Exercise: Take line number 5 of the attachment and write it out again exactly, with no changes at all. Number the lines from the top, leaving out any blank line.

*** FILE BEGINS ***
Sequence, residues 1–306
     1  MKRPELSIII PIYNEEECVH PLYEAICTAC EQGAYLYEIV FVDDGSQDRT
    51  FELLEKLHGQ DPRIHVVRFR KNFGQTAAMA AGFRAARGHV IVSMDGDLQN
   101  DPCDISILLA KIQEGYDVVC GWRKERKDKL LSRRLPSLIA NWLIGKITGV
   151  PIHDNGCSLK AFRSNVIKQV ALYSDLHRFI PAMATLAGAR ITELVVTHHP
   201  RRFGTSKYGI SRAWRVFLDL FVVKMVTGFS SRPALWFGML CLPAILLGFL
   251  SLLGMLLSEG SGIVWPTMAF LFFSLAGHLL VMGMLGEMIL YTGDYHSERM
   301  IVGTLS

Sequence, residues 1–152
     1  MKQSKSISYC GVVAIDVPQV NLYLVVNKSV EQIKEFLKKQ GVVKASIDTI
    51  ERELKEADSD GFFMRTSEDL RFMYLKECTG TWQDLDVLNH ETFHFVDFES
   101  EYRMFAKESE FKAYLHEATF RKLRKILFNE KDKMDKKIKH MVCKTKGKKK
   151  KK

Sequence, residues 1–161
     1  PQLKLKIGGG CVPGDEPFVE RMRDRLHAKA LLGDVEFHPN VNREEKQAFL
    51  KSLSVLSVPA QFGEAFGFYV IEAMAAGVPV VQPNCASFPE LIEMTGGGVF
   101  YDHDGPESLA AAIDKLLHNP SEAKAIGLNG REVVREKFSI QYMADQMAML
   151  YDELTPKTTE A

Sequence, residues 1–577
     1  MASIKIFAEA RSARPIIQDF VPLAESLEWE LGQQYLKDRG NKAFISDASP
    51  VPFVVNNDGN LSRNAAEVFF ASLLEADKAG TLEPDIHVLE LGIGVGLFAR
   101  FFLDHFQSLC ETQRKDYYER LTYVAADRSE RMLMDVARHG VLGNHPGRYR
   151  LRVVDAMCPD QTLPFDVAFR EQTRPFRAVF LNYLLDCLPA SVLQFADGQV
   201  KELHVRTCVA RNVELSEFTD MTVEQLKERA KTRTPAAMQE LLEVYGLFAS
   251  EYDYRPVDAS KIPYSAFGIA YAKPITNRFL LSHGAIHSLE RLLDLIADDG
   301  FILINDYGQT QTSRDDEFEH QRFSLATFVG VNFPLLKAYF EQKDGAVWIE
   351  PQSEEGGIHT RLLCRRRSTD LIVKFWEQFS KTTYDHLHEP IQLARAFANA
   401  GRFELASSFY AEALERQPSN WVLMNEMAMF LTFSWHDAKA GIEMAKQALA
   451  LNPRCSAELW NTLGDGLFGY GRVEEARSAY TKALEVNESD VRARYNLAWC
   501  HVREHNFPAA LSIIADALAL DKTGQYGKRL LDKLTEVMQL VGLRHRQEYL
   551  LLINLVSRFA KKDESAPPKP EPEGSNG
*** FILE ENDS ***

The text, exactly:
   151  PIHDNGCSLK AFRSNVIKQV ALYSDLHRFI PAMATLAGAR ITELVVTHHP